Originally published in The News-Press by Chad Gillis on June 19, 2019

The beginning of the rainy season brings with it a concentrated blast of nutrient-rich waters to rivers, lakes and bays as heavy rains wash off months of built-up pollution.

It’s called the “first flush effect,” and it’s been happening across the state in recent weeks as the dry season has given way to summer-like rains.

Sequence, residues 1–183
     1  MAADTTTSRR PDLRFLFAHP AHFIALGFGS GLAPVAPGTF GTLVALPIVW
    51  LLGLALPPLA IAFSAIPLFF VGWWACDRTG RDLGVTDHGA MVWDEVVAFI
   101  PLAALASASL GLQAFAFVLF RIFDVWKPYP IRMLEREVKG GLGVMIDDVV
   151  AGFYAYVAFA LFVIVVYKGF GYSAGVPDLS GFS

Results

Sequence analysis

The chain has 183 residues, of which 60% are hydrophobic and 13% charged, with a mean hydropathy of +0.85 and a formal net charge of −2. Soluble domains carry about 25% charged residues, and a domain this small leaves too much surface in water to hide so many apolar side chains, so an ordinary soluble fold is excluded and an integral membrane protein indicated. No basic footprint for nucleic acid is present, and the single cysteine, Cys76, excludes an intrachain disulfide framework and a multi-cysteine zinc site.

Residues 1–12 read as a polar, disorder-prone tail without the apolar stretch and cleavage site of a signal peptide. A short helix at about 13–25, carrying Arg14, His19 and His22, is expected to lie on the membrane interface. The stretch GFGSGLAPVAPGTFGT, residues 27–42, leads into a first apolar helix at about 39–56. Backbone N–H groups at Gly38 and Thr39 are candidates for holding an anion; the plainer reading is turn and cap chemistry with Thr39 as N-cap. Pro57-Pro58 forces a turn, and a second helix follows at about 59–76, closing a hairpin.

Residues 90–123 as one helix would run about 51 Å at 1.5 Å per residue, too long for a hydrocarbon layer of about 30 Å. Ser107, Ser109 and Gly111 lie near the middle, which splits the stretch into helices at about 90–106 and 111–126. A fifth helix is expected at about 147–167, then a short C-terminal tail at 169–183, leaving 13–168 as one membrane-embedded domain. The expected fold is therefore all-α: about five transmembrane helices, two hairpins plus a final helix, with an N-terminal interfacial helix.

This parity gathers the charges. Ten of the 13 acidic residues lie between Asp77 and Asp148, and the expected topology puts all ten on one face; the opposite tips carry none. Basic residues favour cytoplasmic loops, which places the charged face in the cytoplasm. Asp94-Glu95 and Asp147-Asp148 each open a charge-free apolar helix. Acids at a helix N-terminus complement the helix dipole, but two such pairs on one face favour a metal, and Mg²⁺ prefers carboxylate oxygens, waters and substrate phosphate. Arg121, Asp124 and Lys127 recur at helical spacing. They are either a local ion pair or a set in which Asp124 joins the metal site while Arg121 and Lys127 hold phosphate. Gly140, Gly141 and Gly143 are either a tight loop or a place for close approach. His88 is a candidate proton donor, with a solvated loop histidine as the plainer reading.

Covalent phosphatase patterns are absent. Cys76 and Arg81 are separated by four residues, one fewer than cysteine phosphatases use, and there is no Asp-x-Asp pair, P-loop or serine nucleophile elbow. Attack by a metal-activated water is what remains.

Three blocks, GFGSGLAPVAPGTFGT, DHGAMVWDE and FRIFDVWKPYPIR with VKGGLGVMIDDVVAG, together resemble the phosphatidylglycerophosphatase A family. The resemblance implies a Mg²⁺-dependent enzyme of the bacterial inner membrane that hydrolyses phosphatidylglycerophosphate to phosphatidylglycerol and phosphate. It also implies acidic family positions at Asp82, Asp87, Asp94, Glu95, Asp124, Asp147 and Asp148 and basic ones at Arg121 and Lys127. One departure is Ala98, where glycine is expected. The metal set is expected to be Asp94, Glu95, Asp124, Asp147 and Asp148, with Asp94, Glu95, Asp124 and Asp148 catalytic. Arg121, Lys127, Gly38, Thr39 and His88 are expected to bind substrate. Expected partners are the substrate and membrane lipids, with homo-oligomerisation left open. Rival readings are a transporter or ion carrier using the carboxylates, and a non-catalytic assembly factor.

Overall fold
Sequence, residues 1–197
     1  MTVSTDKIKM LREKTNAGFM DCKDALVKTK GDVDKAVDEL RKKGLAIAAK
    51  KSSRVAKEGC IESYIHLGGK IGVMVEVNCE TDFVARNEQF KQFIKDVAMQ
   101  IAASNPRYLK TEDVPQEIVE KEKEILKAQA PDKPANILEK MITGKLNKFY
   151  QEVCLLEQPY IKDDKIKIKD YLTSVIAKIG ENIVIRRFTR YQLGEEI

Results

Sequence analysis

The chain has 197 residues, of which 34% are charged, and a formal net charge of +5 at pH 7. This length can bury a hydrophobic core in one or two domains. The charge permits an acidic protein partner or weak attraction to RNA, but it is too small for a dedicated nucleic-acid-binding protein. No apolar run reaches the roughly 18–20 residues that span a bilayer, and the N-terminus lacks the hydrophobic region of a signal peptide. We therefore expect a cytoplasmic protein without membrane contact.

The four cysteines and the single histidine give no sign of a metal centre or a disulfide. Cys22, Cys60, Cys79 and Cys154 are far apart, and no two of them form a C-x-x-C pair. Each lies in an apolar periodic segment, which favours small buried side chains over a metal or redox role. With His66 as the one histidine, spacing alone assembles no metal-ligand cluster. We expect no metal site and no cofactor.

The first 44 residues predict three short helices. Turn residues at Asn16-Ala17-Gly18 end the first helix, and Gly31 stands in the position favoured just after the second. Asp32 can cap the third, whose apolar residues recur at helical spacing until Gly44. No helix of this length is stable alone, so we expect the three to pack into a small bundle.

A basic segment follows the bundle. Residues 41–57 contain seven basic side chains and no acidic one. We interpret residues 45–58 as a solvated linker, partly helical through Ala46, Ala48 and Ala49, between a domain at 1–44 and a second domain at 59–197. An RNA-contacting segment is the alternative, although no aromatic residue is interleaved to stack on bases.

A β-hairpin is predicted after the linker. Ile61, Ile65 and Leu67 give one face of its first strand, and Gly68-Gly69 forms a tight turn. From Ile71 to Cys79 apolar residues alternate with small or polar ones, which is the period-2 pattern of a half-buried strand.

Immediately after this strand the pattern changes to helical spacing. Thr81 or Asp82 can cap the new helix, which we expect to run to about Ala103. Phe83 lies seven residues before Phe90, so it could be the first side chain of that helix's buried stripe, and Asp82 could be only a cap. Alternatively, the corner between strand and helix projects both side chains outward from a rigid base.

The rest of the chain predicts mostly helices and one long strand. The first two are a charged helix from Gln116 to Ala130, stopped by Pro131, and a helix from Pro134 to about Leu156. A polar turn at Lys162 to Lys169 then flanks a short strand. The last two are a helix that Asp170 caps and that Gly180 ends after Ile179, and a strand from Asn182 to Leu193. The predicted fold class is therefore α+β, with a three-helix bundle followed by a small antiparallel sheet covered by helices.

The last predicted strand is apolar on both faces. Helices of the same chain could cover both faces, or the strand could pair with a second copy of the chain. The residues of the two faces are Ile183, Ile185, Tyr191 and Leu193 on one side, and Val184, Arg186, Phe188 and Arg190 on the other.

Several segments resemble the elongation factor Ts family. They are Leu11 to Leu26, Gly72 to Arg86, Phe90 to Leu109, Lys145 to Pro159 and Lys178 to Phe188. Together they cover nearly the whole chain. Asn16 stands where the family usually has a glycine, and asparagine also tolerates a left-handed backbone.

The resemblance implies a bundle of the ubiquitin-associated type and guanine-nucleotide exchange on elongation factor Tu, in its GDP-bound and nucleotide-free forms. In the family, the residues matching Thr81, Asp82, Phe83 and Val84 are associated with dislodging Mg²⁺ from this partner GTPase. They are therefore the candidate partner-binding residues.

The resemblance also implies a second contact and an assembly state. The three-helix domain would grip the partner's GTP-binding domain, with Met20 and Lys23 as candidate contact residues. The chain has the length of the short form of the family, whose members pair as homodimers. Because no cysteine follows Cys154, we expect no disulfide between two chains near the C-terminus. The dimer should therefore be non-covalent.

“If you add an increased pulse to it it creates some additional (pollution) loading that could very well promote an algae bloom,” said Calusa Waterkeeper John Cassani. “There’s a seasonal first flush and if there’s a long interval in between rain events during the dry season the pollutants build up but there’s another type of first flush.”

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